It could be cumbersome, so 60 jars is probably not a good solution for a lot of people. But it seemed like a good idea at the time (at least to me). So I followed this three step program:

1. Identify friend, acquaintance or co-worker with infants & ask them to save their empty baby food jars
2. Collect 100 or so empty jars and run them through the dishwasher
3. Fill with coffee beans and freeze

Because the jars are very small, I can fit 50 - 100 jars in two shallow, open top cardboard boxes in my freezer. This has been a very workable and convenient solution for me.
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Postby Ken Fox on Thu Oct 21, 2010 2:08 am

Abe is obviously single dose grinding, so his strategy can work fine for that. If on the other hand you don't single dose grind, it wouldn't be practical.

I have another "solution" to having several coffees available all the time, which is to have several grinders. Of course this is cost prohibitive and takes up space, so most people would choose not to do it. With my 4 grinders I typically have most or occasionally all of them with coffee in the hoppers, giving me a choice typically of around 3 coffees, usually all SOs. With this approach I am able to freeze in jars holding about 150 to 275g each (I have different sizes). Since I freeze immediately after roasting I don't mind having the coffee slowly come back to room temperature and usually let it sit in the jar for a couple of days to let it "mature" a little.

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Postby Martin on Thu Oct 21, 2010 1:55 pm

I'm missing something here.
1. How does Abe get a single dose out of a frozen batch w/out exposing the rest to moist air?
2. Is this a practical experiment (in which case it seems like a lot of effort) or is there a larger principle or mode of practice to be informed? How long does it take 125g, 270g, or 1kg of frozen to thaw to room temp? And if that's too long, would popping the jar into some warm water help?

I vac seal and freeze immediately. Smaller portions are less cost effective, but add flexibility. Interesting to watch the frozen-brick bags loosen and puff out during degas.
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Postby JohnB. on Thu Oct 21, 2010 3:01 pm

Freezing & thawing are somewhat misleading terms when you talk about roasted coffee which contains little or no moisture. Once removed from the package (vac bag) I find the cold beans come up to room temp very quickly & as many times as I've done this I have never seen any sign of moisture on the beans. The grounds come out of the grinder chute looking light & fluffy and the shots or brewed coffee taste just fine.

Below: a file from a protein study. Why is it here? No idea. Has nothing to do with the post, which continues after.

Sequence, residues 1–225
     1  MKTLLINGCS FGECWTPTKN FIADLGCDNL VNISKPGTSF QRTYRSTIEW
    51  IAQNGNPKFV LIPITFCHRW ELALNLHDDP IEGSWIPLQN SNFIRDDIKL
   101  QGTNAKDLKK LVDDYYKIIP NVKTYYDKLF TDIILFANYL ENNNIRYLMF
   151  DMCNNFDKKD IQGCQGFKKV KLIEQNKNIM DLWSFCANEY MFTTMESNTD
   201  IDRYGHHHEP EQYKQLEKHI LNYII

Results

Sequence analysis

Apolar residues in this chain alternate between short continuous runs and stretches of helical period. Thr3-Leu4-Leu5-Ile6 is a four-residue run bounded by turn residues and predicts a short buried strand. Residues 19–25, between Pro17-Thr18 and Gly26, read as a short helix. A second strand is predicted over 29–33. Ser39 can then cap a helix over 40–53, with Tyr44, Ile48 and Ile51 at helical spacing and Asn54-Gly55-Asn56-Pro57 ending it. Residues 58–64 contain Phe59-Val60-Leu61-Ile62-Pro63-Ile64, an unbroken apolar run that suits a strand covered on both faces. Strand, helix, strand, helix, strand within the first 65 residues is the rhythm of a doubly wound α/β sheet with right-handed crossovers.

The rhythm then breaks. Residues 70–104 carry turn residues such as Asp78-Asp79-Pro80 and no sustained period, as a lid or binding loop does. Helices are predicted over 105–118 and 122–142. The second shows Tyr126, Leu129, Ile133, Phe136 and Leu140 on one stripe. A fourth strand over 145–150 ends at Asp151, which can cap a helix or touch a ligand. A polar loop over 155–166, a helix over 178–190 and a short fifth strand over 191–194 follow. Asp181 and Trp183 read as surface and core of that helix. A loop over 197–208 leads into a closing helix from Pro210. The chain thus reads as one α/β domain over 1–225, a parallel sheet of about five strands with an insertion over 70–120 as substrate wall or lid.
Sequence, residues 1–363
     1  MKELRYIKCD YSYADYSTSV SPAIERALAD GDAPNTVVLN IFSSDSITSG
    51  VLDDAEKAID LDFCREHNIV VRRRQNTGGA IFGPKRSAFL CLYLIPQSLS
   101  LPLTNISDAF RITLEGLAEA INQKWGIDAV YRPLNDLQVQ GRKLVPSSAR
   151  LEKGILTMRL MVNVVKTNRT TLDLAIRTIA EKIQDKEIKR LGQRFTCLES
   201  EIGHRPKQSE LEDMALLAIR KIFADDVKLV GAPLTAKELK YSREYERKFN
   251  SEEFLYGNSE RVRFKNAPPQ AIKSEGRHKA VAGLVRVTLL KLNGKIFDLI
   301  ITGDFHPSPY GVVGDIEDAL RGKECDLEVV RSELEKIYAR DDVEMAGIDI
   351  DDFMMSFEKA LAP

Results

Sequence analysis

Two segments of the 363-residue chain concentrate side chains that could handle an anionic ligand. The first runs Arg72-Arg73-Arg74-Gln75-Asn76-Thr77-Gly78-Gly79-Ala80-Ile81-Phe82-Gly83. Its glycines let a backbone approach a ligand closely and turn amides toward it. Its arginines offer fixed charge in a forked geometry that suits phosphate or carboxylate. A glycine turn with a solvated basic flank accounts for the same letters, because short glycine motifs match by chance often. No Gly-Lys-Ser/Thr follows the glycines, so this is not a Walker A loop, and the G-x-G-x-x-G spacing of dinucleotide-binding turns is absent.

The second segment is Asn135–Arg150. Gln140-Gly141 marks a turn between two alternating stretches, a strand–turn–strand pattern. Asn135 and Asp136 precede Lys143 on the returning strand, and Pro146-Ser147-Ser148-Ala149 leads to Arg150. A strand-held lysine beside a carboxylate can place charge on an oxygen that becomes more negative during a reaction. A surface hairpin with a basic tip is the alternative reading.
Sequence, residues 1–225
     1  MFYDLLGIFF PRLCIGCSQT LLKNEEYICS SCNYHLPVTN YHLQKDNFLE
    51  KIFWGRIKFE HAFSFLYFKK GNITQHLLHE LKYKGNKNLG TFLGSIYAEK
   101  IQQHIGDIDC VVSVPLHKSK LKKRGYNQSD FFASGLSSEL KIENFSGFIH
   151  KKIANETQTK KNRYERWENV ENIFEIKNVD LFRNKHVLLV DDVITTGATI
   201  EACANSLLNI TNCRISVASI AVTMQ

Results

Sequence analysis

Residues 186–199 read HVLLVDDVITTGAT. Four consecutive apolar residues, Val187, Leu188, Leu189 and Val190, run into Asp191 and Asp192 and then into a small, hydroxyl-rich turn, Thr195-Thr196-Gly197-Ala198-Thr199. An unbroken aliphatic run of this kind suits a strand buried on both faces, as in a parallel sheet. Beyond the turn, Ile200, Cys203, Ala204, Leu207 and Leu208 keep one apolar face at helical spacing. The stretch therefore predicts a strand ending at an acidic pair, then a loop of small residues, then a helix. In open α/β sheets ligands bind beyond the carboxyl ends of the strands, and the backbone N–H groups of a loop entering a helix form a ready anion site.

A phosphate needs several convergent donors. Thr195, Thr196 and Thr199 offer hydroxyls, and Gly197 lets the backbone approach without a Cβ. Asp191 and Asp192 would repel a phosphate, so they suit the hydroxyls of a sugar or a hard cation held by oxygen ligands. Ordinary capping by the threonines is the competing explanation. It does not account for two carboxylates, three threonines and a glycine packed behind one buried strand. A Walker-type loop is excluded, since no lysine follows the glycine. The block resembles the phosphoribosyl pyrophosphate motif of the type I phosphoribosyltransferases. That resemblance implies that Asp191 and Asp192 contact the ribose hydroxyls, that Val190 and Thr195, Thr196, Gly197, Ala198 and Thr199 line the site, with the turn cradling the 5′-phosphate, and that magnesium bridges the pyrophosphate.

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Postby Abe Carmeli on Thu Oct 21, 2010 5:16 pm

Martin wrote:1. How does Abe get a single dose out of a frozen batch w/out exposing the rest to moist air?


I freeze in large mason jars and open the jar for each shot. A jar may be in the fridge for three months during which time it probably would be opened ten times. It is exposed to air very briefly when it is opened.

The experiment should test the following two questions:

1) Is there a difference between coffee frozen in a large jar which is opened multiple times, and coffee frozen in a small jar which is opened only once to empty its content and grind over a period of say 3 months. Does it affect the taste of frozen coffee? This should be tested against coffee frozen in small jars that were opened only once. Again, the coffee here is ground while the beans are still frozen and immediately.

2) Is there a difference between coffee that was frozen and properly thawed - in its sealed small jar, and coffee that was ground frozen, being stored under the same conditions. This experiment tests whether beans need to be thawed at all after freezing.

The practical implications to this experiment are big. If there is no difference in taste, beans can be frozen stored in large jars, and can be ground frozen. Time saved probably years in aggregate. Price: well, that's a time consuming experiment, and the only way to do it over 3 months is to do it as a community. In other words, volunteers from this forums will experiment separately, at home, following the same protocol. We will publish the results.